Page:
The New York Rangers have moved to shed long-term contracts to increase flexibility and acquire draft picks to replenish their system. The team is clearly pivoting from “win now” approach to more of a long view strategy.
A Depleted System From Failed Cup Runs
In the 1980s, the New York Yankees were known for trading away talented prospects to acquire players that could provide immediate help. This strategy failed drastically, as the suffered their longest World Series drought in team history. A change in philosophy to developing their own players such as Derek Jeter, Bernie Williams, and Mariano Riviera catalyzed their return to glory in the late 90s.
The Rangers have been in a similar “win now” mode for several years. The team had to do what it could to try to get a Cup for Henrik Lundqvist, the franchise’s greatest player.
But as result of trading picks for rental players, their system is bereft of legitimate prospects. They did not have a first round pick for four straight drafts from 2013-2016. The last first round pick in 2012 was Brady Skjei.
Moving on From Two Alternate Captains
Dan Girardi was a warrior for many years, but his huge contract was gobbling up cap space and his play was in a steep decline. Buying him out gave the Rangers some breathing room.
The trade of Derek Stepan wasn’t about getting rid of him. Stepan is a productive player with plenty of tread left on his tires. But with a no movement clause about to kick in, the Rangers had to find a way to get some cap room to maneuver to fill the team’s holes.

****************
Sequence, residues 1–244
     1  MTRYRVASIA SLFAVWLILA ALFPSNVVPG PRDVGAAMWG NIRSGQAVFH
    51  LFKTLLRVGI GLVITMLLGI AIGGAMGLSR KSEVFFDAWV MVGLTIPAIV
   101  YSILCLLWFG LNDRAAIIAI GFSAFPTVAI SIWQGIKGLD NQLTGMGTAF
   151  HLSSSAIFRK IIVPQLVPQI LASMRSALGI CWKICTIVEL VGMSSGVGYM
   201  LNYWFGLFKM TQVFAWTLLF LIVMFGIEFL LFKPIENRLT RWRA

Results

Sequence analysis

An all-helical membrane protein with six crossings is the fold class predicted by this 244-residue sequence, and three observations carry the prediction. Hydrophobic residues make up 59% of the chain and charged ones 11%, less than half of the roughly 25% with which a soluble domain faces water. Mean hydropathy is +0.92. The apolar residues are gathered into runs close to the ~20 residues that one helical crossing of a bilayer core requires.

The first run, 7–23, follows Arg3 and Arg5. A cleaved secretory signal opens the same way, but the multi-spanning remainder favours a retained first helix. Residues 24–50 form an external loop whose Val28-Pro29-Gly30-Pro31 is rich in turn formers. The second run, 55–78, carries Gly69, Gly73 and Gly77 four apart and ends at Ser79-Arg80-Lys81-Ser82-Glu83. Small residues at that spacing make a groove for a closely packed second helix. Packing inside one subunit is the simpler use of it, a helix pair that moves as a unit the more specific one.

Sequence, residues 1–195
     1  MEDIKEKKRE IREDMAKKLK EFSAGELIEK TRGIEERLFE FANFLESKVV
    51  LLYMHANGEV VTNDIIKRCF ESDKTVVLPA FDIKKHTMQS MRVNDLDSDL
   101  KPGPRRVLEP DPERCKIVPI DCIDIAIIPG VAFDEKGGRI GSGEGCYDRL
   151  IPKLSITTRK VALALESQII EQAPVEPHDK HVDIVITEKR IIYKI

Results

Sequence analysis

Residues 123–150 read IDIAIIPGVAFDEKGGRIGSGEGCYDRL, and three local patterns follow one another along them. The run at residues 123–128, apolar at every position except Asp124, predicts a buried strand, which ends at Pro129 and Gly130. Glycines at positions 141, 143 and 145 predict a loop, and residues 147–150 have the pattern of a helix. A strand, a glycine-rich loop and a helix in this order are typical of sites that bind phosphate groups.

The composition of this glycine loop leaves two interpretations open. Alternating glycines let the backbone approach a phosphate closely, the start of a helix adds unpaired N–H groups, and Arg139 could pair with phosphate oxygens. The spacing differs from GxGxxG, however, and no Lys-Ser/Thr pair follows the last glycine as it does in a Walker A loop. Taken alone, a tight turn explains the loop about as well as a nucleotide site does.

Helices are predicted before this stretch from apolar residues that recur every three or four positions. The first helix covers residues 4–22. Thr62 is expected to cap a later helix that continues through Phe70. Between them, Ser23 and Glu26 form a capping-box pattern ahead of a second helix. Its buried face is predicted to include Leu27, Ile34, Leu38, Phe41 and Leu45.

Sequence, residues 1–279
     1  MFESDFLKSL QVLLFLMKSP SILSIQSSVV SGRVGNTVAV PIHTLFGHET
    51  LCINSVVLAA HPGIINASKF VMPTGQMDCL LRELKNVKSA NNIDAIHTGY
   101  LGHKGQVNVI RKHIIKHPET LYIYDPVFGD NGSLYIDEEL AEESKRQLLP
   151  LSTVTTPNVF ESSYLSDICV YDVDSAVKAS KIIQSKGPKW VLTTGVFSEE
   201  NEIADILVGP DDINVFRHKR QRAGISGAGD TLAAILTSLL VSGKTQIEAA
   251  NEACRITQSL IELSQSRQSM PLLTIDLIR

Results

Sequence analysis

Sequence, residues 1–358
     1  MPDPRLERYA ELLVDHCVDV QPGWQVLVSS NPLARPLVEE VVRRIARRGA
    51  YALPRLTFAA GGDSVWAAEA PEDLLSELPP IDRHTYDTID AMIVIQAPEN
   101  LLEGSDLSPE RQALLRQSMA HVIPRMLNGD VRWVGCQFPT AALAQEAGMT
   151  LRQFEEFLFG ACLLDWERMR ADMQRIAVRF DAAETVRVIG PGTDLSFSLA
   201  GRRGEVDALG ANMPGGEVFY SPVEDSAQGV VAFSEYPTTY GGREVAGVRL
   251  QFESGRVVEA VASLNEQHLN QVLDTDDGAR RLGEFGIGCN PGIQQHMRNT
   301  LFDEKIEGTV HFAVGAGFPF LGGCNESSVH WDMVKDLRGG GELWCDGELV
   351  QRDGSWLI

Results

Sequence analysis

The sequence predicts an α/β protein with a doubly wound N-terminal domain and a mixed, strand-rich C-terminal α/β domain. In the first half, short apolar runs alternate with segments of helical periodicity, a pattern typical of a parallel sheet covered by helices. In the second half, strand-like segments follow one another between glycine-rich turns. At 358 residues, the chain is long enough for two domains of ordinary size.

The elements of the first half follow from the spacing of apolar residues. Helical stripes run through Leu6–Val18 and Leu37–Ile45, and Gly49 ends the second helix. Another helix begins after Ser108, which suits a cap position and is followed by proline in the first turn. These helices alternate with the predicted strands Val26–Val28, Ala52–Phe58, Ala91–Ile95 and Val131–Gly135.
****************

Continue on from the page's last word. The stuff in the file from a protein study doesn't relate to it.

In return for Stepan and Antti Raanta, the Rangers acquired a high upside young defensemen in Anthony DeAngelo and the seventh pick in the draft. The Rangers used the pick on Lias Andersson, the highly-skilled Swede with an NHL pedigree.
Though somewhat of a polished prospect, Anderson will have his work cut out for him just make the team in his first year. DeAngelo has potential, but he’s not expected to be thrust into a key role right away, especially with Alain Vigneault’s reluctance to trust young players. Cap relief aside, the Rangers essentially traded their number one center for players that are not expected to contribute much next season.
The Rangers also held onto to their other first round pick and used it to select Filip Chytil. With more highly touted players available, it was a surprise pick by the Rangers. He’s a high ceiling player who the Rangers think could develop into something special.
But a few months short of his eighteenth birthday, he has a long way to go. The Czech won’t even be playing in North America anytime soon, much less the Garden.
The Rangers also traded down in the fourth round to acquire an extra pick. This is notable because it signifies Jeff Gorton’s commitment to improving the Rangers’ poorly stocked system. To this end, the Rangers have also recently signed two young defensemen; Alexei Bereglazov from the KHL and NCAA standout Neal Pionk.
The Rangers can now picture a team anchored by Skjei, Pionk, and Bereglazov at the blue line; Pavel Buchnevich, Jimmy Vesey, Anderson, and Chytil as forwards; and developing Russian netminder Igor Shestyorkin. It is unlikely to work out for all of these players, but clearly, Jeff Gorton has designs on changing the course of this team. The ship is turning toward the horizon instead of the closest port.
It is clear that the recent moves by the Rangers were made with the intent of positioning the team for long term success. This is a striking departure from the “win now” mindset of the Lundqvist era.